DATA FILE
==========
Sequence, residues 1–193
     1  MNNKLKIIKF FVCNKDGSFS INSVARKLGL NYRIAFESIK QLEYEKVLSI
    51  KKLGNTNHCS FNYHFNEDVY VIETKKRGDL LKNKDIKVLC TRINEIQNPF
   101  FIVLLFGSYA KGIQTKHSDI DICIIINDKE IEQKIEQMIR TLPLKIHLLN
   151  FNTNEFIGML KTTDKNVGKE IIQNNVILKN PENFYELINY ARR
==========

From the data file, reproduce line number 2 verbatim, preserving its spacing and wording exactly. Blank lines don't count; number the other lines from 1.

     1  MNNKLKIIKF FVCNKDGSFS INSVARKLGL NYRIAFESIK QLEYEKVLSI